So far from believing in the militant school of the Bukanin type, I do not contribute even to the peaceful and philosophical anarchism of a Kuropatkin [sic.] or a Tolstoy. And as to my revolutionary tendencies in the past:- it is not only now for the object of sharing the clemency but years before this have I informed of and written to the Government in my petitions (1918, 1914) about my firm intention to abide by the constitution and stand by it as soon as a beginning was made to frame it by Mr. Montagu. Since that the Reforms and then the Proclamation have only confirmed me in my views and recently I have publicly avowed my faith in and readiness to stand by the side of orderly and constitutional development.”
On 12 July 1920, the British government denied his application. Soon, Ganesh Savarkar, the elder brother of Vinayak Savarkar was released by the Britishers but kept Vinayak as a hostage for Ganesh. Cultural Maharashtra The British government justified their decision in a written statement,
It may be observed that if Ganesh is released and Vinayak is retained in custody, the latter will become in some measure a hostage for the former, who will see that his own misconduct does not jeopardize his brother’s chances of release at some future date.”
On 2 May 1921, Vinayak Damodar Savarkar was shifted to the Ratnagiri Jail from Cellular Jail. He wrote a book titled Essentials of Hindutva amid his detention term at Ratnagiri Jail. Later, the theory and ideology of Hindutva were abstracted from this book. Vinayak Damodar Savarkar was discharged from jail on 6 January 1924; however, he was prohibited to move out of the Ratnagiri district by the British government. Thereafter, a Hindu society or Hindu Sangathan was established by him in Ratnagiri. He was under house arrest and was given a bungalow by the British government. During house arrest, he met various influential Indian freedom fighters such as Mahatma Gandhi, Dr Ambedkar, and Nathuram Godse. Meanwhile, he started writing books and became an acclaimed patriotic writer. In 1937, the newly elected government of the Bombay presidency released Vinayak Damodar Savarkar.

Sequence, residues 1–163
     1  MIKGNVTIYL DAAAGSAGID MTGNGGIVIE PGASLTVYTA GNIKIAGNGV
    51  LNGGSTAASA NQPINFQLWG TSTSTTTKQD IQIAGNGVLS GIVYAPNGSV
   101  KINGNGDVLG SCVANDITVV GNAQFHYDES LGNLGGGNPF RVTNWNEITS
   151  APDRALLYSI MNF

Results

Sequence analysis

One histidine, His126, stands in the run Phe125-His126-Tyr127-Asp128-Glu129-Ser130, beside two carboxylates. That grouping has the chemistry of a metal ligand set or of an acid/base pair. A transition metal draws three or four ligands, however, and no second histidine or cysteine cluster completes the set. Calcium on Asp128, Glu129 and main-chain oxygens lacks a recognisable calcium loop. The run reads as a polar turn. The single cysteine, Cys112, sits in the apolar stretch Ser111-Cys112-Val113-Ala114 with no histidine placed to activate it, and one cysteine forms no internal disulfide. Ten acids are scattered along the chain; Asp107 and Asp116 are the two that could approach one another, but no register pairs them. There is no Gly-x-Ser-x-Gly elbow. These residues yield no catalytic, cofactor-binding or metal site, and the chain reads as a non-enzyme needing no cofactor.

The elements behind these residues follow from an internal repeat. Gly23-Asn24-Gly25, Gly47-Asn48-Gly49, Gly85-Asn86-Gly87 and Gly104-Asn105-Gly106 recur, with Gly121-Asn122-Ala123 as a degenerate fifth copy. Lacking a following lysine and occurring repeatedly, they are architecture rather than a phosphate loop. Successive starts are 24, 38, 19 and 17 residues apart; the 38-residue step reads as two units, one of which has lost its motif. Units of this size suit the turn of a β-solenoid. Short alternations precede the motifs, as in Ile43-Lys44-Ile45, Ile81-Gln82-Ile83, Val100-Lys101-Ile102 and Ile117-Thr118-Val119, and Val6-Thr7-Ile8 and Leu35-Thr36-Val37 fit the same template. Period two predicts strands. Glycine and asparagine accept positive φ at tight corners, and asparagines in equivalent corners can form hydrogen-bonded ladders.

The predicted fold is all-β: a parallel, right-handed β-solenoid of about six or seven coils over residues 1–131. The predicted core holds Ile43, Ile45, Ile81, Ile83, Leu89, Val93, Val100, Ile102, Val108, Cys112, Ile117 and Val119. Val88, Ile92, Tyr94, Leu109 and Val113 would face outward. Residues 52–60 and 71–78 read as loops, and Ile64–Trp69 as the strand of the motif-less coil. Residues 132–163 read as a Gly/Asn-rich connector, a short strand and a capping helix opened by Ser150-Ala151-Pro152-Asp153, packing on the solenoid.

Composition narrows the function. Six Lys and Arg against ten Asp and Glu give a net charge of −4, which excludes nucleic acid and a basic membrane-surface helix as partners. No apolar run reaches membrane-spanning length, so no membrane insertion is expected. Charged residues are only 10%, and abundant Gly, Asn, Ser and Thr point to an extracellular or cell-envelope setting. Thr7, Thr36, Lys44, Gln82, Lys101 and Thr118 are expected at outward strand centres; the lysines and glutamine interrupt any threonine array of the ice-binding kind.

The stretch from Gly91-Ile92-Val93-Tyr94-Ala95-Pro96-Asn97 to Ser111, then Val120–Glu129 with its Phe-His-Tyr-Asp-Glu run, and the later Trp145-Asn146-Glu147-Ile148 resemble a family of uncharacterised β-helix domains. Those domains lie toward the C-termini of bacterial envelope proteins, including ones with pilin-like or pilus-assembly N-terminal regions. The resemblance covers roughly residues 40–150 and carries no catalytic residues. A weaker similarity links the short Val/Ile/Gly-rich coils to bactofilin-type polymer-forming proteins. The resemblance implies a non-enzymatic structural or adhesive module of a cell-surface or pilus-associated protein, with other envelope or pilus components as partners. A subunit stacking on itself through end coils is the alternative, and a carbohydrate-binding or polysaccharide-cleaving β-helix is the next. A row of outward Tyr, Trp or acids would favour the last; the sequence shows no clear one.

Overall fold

As a Leader
In 1937, Vinayak Damodar Savarkar began propagating the Hindu political and social unity ideology all across India by conducting public speeches soon after his release from jail. He was appointed as the president of the Marathi Sahitya Sammelan in Mumbai in 1938 and started cultivating the philosophy of India as a Hindu Rashtra (Hindu Nation) among Indians. Apart from this, several Hindu men started joining his army of Hindu Nationalism to unite together to fight against the British rule in India to protect India and its Hindus. Vinayak Damodar Savarkar was appointed as the president of the Hindu Mahasabha during the Second World War. After becoming the party president, he raised the slogan – “Hinduize all Politics and Militarize Hindudom.” The struggles made by the British government in India amid the Second World War were often praised by Vinayak Damodar Savarkar. He also demanded the military training of the Hindu men in India by the British government so that these men could fight for the protection of India. Later, Vinayak Damodar Savarkar resigned as the president of the Hindu Mahasabha in July 1942 due to some heath issues. Meanwhile, the Quit India Movement was initiated by Mahatma Gandhi against the colonial rule in India. In 1942, Vinayak Damodar Savarkar raised anti-Quit India Movement speeches, as according to him, the civilians and Indian soldiers must participate to fight against any more invasions in India and stay alert in the war situations rather than following the Quit India Movement, a war against the Britishers within India. He officially wrote letters to the Hindu Sabhaites with the title “Stick to your Posts” in which he mentioned,